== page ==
Britain’s Supreme Court denies final Assange extradition appeal
Britain’s Supreme Court said on Thursday it has rejected an application by WikiLeaks founder Julian Assange to reopen his appeal against extradition to Sweden.
“The Supreme Court of the United Kingdom has dismissed the application made by Ms Dinah Rose QC, counsel for Mr Julian Assange, seeking to reopen their appeal,” the court said in a statement.
Seven Supreme Court justices unanimously dismissed the move by Assange’s lawyers as being “without merit”.
The court added that the 40-year-old Australian behind the whistleblowing website could not be extradited for at least two weeks.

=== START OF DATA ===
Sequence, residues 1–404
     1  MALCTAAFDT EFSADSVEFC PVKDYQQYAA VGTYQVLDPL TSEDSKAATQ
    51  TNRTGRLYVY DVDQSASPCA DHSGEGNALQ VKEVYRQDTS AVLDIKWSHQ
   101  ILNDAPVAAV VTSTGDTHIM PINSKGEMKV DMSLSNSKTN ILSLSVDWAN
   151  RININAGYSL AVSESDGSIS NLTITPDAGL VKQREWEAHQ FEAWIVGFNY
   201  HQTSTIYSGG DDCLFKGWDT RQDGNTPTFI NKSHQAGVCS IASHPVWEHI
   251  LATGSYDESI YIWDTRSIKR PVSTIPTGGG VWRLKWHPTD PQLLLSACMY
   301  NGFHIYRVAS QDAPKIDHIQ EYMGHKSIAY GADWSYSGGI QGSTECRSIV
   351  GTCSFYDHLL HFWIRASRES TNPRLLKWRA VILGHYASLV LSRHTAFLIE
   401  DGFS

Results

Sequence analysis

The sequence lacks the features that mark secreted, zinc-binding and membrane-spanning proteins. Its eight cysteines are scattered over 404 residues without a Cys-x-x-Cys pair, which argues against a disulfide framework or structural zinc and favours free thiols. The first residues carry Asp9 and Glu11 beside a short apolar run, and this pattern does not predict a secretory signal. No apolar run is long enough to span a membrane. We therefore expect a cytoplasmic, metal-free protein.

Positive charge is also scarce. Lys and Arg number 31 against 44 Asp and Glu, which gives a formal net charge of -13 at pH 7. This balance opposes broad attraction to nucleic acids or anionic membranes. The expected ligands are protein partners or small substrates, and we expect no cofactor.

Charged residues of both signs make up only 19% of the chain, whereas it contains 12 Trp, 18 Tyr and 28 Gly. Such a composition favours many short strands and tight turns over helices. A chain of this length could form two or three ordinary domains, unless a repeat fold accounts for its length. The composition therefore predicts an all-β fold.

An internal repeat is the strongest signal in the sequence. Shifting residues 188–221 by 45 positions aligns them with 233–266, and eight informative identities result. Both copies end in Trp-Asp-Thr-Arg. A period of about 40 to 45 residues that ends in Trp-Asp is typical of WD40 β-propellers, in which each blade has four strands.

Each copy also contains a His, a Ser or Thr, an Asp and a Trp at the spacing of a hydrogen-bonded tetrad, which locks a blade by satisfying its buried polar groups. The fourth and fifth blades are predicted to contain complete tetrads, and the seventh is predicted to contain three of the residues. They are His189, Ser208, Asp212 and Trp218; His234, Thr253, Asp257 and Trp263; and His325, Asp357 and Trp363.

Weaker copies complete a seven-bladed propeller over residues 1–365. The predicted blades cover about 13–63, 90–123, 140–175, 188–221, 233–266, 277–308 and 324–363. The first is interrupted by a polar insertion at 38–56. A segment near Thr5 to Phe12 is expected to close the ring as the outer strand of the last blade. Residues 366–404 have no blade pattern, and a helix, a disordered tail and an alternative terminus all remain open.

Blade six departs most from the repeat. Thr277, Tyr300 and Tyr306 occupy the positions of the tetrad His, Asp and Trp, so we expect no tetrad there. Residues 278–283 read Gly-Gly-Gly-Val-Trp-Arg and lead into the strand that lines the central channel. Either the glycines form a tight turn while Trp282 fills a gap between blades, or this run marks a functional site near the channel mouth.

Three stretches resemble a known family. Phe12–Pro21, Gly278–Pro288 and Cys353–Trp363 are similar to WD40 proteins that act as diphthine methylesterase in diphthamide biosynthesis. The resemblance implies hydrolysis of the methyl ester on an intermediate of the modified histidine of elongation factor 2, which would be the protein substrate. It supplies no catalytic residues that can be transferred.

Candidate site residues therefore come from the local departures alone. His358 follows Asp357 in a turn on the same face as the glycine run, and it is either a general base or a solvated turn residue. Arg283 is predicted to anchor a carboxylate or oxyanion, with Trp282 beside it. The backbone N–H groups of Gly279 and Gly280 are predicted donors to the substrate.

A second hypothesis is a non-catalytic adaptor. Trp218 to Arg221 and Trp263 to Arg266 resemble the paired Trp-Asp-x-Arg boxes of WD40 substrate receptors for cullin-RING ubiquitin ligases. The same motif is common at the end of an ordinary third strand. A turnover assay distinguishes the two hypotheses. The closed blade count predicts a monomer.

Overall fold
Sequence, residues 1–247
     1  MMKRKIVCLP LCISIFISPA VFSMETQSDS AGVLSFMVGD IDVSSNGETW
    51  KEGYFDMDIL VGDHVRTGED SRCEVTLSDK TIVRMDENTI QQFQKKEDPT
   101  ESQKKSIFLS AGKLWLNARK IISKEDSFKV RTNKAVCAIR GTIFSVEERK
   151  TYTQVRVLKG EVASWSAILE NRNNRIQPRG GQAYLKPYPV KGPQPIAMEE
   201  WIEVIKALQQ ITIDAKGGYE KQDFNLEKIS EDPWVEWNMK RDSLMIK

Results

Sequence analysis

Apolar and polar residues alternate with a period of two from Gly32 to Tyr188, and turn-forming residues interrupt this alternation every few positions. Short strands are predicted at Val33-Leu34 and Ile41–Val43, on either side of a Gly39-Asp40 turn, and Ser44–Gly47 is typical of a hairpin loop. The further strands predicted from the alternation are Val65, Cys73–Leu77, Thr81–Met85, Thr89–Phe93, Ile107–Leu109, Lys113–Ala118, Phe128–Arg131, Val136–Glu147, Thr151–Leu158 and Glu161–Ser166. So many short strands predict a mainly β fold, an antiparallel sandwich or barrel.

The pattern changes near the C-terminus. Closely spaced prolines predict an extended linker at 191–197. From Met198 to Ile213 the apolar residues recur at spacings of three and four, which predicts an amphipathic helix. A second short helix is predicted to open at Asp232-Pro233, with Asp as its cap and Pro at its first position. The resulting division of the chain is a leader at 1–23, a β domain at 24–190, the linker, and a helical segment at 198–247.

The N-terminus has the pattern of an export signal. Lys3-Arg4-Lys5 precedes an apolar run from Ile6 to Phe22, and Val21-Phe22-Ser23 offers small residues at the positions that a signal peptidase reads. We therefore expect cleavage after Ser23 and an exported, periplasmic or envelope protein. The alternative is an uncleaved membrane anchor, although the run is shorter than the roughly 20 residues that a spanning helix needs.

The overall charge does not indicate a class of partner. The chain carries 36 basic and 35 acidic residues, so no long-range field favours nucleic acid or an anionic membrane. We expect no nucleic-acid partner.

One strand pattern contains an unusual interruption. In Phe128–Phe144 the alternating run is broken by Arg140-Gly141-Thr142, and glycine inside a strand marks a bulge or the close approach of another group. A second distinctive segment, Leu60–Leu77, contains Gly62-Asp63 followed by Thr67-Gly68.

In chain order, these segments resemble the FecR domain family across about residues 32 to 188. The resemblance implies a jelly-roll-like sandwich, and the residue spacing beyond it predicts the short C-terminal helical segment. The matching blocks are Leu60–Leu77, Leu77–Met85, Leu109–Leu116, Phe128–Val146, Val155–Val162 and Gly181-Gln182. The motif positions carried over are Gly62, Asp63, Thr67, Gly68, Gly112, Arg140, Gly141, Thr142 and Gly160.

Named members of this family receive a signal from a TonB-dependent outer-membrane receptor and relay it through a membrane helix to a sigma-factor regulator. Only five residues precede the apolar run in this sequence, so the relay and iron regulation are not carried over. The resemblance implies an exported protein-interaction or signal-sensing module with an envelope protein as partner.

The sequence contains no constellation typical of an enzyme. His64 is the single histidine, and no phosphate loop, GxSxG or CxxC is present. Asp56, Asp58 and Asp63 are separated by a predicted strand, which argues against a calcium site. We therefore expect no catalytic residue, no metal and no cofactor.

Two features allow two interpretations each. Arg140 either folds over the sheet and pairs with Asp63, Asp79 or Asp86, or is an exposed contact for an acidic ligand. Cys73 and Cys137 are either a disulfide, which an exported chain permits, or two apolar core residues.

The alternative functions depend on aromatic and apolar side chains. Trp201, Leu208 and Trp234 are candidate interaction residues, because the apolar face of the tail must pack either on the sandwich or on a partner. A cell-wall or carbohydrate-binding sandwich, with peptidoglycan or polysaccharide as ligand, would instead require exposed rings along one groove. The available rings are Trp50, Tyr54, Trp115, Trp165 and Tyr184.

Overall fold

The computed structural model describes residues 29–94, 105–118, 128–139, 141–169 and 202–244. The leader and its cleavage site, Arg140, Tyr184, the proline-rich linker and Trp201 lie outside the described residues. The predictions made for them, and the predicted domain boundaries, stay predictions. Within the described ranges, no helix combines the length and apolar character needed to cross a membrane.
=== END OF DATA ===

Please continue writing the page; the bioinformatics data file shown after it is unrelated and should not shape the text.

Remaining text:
“In addition, the Court has ordered that… the required period for extradition shall not commence until the 14th day after today,” it said.
The Supreme Court last month rejected Assange’s appeal against extradition to Sweden, where he is wanted for questioning about allegations of rape and sexual assault.
The court, Britain’s highest, handed down its decision in the 18-month legal marathon after rejecting Assange’s argument that the Swedish prosecutor who issued the arrest warrant for him was not entitled to do so.
But in a surprise move, Assange’s lawyer asked for 14 days to consider whether to apply to reopen the case, on the grounds that the judgment referred to material not mentioned during the appeal hearing in February.
[Wikileaks founder Julian Assange in London in February. AFP Photo/Miguel Medina]